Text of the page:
The use of gadolinium for arterial interventions

Elliot B. Sambol, Josien G. Van Der Meer, Ashley Graham, Lee J. Goldstein, John K. Karwowski, Rajeev Dayal, Brian Derubertis, K. Craig Kent

Research output: Contribution to journalArticlepeer-review

5 Scopus citations


Background: Gadolinium (Gd) has been traditionally used as a non-nephrotoxic alternative to iodinated contrast for digital subtraction angiography (DSA) in patients with chronic renal insufficiency. However, its use has been questioned on the basis of reports of nephrotoxicity and its recent association with nephrogenic systemic fibrosis (NSF), a potentially lethal complication. Recently available data are conflicting with respect to the true safety profile of intra-arterial Gd. The purpose of this study was to examine the risk of contrast nephropathy and NSF after Gd exposure in a large population of azotemic patients undergoing DSA. Methods: A comprehensive database encompassing data on all patients who underwent DSA between June 2003 and December 2007 at the New York Presbyterian Hospital was retrospectively reviewed. Patients receiving Gd either alone or in combination with iodinated contrast during DSA were identified and further analyzed. Acute renal failure (ARF) was defined as an elevation in serum creatinine (Cr) by >0.5 mg/dL within 48 hours of exposure. Clinical follow-up was conducted through chart reviewing as well as telephonic interviews with patients and their primary care physicians. Results: A total of 153 patients underwent 179 exposures to Gd either alone (33%) or in combination (67%) with iodinated contrast. Mean follow-up duration was 27.1 months. The mean Cr level was 1.94 ± 0.78 mg/dL and 1.96 ± 1.1 mg/dL before and after DSA, respectively. There were 20 (11.2%) instances of ARF. The mean Cr level before DSA was higher in patients who developed ARF versus those in the non-ARF group (2.7 ± 1.1 mg/dL vs. 1.9 ± 0.7 mg/dL, p = 0.004). In the ARF group, 12 patients had a return to baseline renal function, four experienced irreversible renal deterioration, and four needed dialysis (4.5% incidence of irreversible renal failure). There were 19 deaths at the time of this study (12.4%). The highest risk for the development of ARF after Gd exposure occurred in patients with Cr levels of >3.0 mg/dL before DSA and in those receiving >0.4 mmol/kg of Gd. For patients who received iodinated contrast in combination with Gd, there was a trend toward a higher risk for developing ARF as compared with those receiving only Gd. Finally, there were no instances of NSF identified in any of the patients who received intra-arterial Gd. Conclusions: Although Gd has the potential to cause kidney injury similar to iodinated contrast, the risk of irreversible renal failure and the requirement for dialysis is low. Life- or limb-threatening interventions should not be avoided in this patient cohort because of preexisting elevations in Cr. These data should help guide the use of Gd in patients with chronic renal insufficiency.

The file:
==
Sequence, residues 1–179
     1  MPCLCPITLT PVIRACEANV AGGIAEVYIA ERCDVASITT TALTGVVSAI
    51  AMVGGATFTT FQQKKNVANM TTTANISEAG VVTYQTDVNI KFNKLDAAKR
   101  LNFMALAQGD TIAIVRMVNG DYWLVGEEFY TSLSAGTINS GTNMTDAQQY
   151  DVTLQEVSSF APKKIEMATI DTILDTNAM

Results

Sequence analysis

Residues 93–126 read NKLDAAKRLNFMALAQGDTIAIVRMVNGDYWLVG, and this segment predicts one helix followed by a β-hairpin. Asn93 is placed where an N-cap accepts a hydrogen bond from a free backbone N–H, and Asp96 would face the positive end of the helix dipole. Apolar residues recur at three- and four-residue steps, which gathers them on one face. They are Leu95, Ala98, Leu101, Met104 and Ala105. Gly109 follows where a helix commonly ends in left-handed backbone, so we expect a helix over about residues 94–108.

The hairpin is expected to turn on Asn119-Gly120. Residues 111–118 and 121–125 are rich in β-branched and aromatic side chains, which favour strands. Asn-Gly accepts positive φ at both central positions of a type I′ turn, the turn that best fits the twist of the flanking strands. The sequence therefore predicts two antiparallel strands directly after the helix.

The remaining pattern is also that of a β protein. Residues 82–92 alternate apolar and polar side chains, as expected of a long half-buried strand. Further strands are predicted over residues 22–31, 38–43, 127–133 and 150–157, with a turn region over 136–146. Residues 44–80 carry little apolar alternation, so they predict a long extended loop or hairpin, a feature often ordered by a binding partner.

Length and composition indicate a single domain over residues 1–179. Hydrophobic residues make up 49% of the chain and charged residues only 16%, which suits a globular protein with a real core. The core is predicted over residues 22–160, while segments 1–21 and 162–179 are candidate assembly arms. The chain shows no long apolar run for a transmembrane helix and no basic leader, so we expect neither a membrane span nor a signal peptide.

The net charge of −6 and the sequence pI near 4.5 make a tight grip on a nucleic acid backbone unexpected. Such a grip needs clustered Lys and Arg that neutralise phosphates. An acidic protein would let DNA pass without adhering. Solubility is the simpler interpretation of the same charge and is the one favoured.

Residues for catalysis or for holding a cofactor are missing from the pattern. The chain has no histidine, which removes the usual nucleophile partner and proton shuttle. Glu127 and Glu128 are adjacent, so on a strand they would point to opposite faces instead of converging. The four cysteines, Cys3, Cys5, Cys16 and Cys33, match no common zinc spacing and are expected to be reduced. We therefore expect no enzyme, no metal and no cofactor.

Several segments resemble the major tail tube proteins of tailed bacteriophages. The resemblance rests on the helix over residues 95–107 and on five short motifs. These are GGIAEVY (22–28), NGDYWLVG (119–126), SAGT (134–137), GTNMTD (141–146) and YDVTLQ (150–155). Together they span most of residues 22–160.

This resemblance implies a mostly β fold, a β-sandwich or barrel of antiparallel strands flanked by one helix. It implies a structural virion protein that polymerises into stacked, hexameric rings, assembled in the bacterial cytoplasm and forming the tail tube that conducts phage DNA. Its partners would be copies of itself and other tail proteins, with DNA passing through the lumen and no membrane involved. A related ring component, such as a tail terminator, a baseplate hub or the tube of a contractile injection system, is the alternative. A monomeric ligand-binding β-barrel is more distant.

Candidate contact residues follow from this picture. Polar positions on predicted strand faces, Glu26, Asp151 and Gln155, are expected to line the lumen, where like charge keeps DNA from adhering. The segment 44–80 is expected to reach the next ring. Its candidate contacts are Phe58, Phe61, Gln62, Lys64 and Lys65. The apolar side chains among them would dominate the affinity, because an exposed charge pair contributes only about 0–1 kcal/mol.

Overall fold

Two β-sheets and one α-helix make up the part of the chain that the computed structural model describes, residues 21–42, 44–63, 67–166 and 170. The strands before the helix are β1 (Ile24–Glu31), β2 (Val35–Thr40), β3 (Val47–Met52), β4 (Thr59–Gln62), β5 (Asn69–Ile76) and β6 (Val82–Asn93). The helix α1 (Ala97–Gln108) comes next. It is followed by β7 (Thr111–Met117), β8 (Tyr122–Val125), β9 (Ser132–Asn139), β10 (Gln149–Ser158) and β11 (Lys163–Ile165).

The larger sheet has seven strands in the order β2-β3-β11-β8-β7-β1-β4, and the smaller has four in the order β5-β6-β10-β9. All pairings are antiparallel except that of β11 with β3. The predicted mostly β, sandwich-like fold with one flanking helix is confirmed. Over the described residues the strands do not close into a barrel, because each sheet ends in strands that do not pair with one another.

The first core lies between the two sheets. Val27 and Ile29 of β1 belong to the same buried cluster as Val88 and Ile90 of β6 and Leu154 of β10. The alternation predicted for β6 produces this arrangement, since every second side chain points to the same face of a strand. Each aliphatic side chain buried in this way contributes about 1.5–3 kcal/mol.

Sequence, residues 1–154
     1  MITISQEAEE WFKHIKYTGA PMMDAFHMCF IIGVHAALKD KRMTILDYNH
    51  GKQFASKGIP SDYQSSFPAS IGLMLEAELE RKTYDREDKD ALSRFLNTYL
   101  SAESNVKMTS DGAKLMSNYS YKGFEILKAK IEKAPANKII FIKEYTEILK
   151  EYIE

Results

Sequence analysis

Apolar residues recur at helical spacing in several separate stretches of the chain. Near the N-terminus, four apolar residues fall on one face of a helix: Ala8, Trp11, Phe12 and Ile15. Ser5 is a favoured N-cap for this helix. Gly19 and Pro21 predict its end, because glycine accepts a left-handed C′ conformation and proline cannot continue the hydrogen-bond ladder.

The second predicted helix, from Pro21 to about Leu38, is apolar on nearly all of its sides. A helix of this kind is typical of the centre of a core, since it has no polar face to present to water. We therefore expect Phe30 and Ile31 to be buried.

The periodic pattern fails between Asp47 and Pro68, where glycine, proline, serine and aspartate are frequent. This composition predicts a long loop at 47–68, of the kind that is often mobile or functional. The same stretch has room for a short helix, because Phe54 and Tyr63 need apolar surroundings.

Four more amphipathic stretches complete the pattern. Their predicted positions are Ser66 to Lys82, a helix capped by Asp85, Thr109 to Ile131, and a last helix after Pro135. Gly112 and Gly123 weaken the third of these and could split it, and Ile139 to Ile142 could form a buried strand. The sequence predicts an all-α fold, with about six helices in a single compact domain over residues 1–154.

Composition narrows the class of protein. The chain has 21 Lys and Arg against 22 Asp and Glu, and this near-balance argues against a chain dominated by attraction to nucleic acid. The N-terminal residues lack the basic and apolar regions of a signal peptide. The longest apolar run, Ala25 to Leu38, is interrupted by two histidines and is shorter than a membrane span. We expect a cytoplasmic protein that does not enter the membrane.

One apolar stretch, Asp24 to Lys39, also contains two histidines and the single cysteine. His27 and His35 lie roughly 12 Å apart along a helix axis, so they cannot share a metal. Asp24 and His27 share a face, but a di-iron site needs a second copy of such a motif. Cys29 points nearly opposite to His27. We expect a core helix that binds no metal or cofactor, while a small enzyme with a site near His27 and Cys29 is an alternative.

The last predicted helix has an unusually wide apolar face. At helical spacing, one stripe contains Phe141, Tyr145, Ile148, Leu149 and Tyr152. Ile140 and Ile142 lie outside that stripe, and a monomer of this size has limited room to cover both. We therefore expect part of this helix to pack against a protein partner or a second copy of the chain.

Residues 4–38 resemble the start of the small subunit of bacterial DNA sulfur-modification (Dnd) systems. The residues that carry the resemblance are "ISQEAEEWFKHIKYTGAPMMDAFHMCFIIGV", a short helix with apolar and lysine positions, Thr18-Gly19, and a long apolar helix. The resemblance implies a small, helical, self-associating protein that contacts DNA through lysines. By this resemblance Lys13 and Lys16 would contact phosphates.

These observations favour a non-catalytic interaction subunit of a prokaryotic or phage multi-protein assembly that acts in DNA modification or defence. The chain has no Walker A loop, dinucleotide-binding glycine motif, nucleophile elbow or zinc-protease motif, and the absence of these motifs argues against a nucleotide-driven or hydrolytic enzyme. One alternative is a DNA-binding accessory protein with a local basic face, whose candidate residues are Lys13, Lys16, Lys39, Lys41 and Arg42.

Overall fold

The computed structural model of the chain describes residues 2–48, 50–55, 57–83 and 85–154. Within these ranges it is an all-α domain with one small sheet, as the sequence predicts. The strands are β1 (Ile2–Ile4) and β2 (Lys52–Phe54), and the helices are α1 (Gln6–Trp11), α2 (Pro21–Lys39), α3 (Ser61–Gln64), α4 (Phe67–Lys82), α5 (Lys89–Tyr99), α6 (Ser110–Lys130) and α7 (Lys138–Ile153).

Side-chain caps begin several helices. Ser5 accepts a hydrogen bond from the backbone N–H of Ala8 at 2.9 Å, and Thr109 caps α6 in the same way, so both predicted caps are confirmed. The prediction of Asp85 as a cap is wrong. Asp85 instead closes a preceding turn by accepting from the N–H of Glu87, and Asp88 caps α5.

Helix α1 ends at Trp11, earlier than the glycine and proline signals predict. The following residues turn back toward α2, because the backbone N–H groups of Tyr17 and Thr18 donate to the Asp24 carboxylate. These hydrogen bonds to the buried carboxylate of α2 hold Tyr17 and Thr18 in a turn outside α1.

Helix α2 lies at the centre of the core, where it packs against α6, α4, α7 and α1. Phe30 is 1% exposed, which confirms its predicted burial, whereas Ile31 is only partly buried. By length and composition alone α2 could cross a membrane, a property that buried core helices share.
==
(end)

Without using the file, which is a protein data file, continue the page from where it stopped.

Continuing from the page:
Original languageEnglish (US)
Pages (from-to)366-376
Number of pages11
JournalAnnals of Vascular Surgery
Issue number3
StatePublished - Apr 1 2011

ASJC Scopus subject areas

  • Surgery
  • Cardiology and Cardiovascular Medicine


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